Debate erupts over whether tardigrade survived quantum entanglement
Scientists have sparked an academic row after saying they have found that tiny invertebrate capable of surviving in a vacuum and at a temperature close to absolute zero can also survive quantum entanglement.
The researchers from Singapore and the University of Gdansk said that after creating the quantum entanglement, the tardigrade (affectionately named Neil Wormstrong) later came back to life.
Making their research results available as a preprint on arXiv, the topic has now started a debate in the scientific world, with quantum physicist Professor Jacek Szczytko from the University of Warsaw saying bluntly: “I would not rush to talking about a Schrödinger's tardigrade.”
TARDIGRADE-MAN WOULD BE THE TOUGHEST SUPERHERO
The part that is not debatable is that in the new experiment, tardigrades broke a new resilience record.
Their resilience has long been known. Tardigrades, tiny aquatic invertebrates (a queue of a hundred tardigrades arranged one behind the other would measure between 1 mm and 10 cm) can survive in conditions close to a vacuum, at temperatures close to absolute zero, at a temperature of 160 degrees Celsius, in high pressure water depths. They can live without food for 30 years.
Tardigrades owe these superpowers to their ability to enter a state, in which their metabolism almost completely ceases. When the conditions become favourable again, tardigrades return to life.
In the new experiment, physicists decided to check if these animals could survive 2.5 weeks in a vacuum at 10 millikelvin (less than one hundredth of a degree Celsius above the lowest temperature limit). No tardigrade had survived for so long in such cold conditions before.
WHY FREEZE A TARDIGRADE
Dr. Tomasz Paterek from the University of Gdansk said that cooling a tardigrade to a temperature so low that it does not occur naturally in the known Universe was necessary to verify whether these animals could survive quantum entanglement.
He said: “In this tardigrade experiment, we wanted to study how matter in some sense alive interacts with the quantum matter.”
Quantum phenomena, different than those observed in the macroscopic world, are the easiest to observe at temperatures close to absolute zero and in a vacuum. These conditions are so calm that quantum madness is easier to see. The warmer it gets, the greater the risk that photons of thermal radiation bombard the experiment and bring chaos that will obscure quantum phenomena.
Tardigrades, animals unafraid of such conditions close to absolute zero, were natural candidates for this study.
QUBITS ARE VARIABLE
Researchers under the supervision of R. Dumke from Nanyang Technological University in Singapore have prepared a system they refer to as a qubit, or quantum bit, in which the superposition of states with different energies can occur.
The system could be prepared to have only one of two specific energy values. If the system interacts with microwaves for a specified time, it will jump to a higher energy level. Of it interacts for half of that time, it is never known what will happen. However, since it is the quantum world, instead of being in one or the other state, the system will be in a superposition of these two states with different energies, in the space between these energies. This superposition disappears only at the moment of measurement. That is when the system returns from the quantum world to the world of classical physics and begins to have one of the two values.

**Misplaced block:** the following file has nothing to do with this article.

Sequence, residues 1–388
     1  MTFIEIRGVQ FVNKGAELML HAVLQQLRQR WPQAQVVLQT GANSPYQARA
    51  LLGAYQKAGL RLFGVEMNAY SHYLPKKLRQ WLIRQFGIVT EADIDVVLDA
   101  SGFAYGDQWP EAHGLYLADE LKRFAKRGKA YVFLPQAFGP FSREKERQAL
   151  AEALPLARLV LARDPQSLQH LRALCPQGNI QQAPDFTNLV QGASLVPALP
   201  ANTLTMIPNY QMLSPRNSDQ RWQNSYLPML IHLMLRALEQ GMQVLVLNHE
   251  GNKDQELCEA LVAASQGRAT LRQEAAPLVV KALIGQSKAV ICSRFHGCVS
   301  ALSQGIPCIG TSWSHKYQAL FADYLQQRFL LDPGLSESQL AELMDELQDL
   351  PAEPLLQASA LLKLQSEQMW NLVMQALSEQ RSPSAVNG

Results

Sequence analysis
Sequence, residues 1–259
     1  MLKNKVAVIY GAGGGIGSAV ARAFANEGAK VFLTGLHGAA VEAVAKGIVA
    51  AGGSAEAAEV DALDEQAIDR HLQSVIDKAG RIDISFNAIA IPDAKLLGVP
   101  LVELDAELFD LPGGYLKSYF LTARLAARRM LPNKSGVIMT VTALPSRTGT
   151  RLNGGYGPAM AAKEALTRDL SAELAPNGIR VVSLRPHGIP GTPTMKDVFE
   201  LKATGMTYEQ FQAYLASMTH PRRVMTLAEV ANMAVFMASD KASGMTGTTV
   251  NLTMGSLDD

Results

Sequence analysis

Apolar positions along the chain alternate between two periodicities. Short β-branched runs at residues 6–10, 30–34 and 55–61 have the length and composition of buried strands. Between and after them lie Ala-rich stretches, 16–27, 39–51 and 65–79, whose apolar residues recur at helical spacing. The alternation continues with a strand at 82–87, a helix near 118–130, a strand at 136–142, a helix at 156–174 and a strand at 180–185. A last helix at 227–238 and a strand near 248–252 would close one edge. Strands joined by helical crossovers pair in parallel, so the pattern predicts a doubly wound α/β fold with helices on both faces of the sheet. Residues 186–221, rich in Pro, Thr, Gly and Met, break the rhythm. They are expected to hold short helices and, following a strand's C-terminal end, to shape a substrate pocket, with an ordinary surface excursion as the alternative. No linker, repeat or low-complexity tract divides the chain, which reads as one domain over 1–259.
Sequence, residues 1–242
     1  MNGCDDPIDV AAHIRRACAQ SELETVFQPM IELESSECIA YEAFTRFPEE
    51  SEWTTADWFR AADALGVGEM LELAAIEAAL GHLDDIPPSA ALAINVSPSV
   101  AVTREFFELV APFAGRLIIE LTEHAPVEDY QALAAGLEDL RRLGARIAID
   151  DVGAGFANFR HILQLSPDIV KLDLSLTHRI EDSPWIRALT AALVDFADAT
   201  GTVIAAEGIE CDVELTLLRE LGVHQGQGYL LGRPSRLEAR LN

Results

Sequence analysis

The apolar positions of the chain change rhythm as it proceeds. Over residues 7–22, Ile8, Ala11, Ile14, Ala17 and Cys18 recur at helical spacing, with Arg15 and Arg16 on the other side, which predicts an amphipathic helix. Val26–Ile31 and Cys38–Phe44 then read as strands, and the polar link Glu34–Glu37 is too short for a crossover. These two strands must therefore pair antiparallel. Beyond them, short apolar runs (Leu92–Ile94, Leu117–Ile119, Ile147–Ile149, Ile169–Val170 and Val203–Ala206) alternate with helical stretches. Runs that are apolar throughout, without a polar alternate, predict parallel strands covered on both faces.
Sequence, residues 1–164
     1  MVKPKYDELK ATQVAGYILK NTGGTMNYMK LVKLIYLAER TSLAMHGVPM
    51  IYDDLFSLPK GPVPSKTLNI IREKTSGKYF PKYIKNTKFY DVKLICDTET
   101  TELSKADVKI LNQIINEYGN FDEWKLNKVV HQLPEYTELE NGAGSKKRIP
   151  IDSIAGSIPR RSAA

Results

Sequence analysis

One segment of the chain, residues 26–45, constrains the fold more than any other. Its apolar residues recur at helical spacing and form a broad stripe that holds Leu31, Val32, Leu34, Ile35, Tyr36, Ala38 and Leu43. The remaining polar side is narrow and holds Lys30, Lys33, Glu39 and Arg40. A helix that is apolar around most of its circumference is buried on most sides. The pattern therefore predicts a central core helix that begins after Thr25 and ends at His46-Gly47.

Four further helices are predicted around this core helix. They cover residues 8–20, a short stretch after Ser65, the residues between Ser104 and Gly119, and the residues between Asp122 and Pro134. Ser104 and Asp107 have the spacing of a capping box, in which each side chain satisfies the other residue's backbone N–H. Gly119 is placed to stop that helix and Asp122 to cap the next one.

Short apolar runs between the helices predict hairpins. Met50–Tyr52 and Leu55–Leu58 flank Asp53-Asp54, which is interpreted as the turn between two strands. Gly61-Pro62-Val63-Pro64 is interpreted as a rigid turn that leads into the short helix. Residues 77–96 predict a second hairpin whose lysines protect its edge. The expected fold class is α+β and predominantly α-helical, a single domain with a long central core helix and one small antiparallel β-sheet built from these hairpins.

On one of such qubits, where quantum charges go crazy, researchers placed a tardigrade so that it changed the parameters of the system.
In the experiment, researchers did not measure what was happening to the tardigrade, but treated the device along with the animal located on it as one system. Another part of the experiment was the second qubit placed below. Paterek explains that the upper qubit with the tardigrade was tangled with the lower qubit by a pulse sequence.
In the next step, researchers used tomography to check the output state of the tardigrade qubit/lower qubit system. It lasted 2.5 weeks.
According to the authors, there was a superposition during the experiment and the tardigrade was a part of it. The parameters of the system with the tardigrade were changing consistently with the simulations carried out beforehand, the authors say.
In the title of their paper, the researchers interpret that a quantum entanglement occurred between qubits and the tardigrade.
Professor Jacek Szczytko from the Faculty of Physics of the University of Warsaw, however, is a bit less optimistic in his interpretation. In its assessment, the publication shows that the tardigrade, which consists of water and various proteins, acted like a dielectric located on the joints.
He said: “The tardigrade may have been a passenger in this experiment and may have changed resonance frequencies in this system, but I would not say that it was in a quantum entanglement.”
He added that the simulation of physical phenomena that were supposed to occur in the tardigrade during the entanglement, also leaves a lot to be desired, saying: “The authors reduced the entire complicated biochemistry of this animal to the fact that the animal consisted of many small dipoles.”
He continued that to describe quantum entanglement, the system must be very precisely defined, concluding that while the paper is not necessarily a breakthrough, it is interesting because it prompts reflection on life, death and quantum physics.
PAP - Science in Poland, Ludwika Tomala
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